The change-in-use rules for capital property and real property will be maintained subject to certain modifications to recognize that the tax may have been paid at either the harmonized or non-harmonized rate.
Rebates will be introduced for persons who are not entitled to full input tax credits and who pay tax at the 15-per-cent harmonized rate. A rebate in respect of the provincial component of the HST will be available where goods are removed from a participating province within 30 days of delivery, and the person provides proof that any applicable provincial retail sales tax has been paid in the province of destination.
A second rebate will allow recovery of tax on services or intangible personal property acquired for use primarily in non-participating provinces. This rebate will relate to the provincial component of the HST and will be based on the extent to which the property or service is consumed or used outside of the participating provinces.
A rebate of the provincial component of the HST on books will be available in participating provinces. This rebate will be provided at the point of sale.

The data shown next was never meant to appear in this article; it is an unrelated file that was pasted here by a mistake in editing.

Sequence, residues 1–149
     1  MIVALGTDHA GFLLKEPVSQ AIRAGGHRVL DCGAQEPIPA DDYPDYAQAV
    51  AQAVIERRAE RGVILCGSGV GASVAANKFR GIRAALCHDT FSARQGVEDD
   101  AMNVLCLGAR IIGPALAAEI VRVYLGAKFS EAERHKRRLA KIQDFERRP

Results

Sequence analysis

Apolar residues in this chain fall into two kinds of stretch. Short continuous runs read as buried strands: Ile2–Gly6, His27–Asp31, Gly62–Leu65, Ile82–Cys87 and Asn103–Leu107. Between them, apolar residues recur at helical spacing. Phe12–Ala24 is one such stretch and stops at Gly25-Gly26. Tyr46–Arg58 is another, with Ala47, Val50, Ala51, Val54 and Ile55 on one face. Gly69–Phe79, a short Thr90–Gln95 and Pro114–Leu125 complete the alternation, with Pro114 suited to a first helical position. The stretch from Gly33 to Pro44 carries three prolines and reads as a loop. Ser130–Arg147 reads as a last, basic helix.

The above rules relating to recovery of tax are discussed in detail in Chapter 6.
The participating provinces will provide rebates to charities and qualifying non-profit organizations (other than public institutions) resident in the participating provinces for the provincial component of the HST rate. As under the GST, the rebate rates will be 50 per cent of non-recoverable tax payable.
Under the GST, provincial government emanations receive partial rebates in respect of tax payable that is not otherwise recoverable. The partial rebate factors for municipalities, hospital authorities, school authorities, public colleges and universities are 57.14 per cent, 83 per cent, 68 per cent, 67 per cent and 67 per cent respectively. The purpose of these rebates is to offset the adverse budgetary impact that would otherwise have resulted from moving from the manufacturer's sales tax to the GST and to prevent a fiscal transfer from the province to the federal government.
The impact of the HST on the budgets of these bodies will vary depending on the amount of provincial retail sales tax currently paid by each of these bodies, which is affected by factors such as their current tax status, provincial retail sales tax rates and exemptions.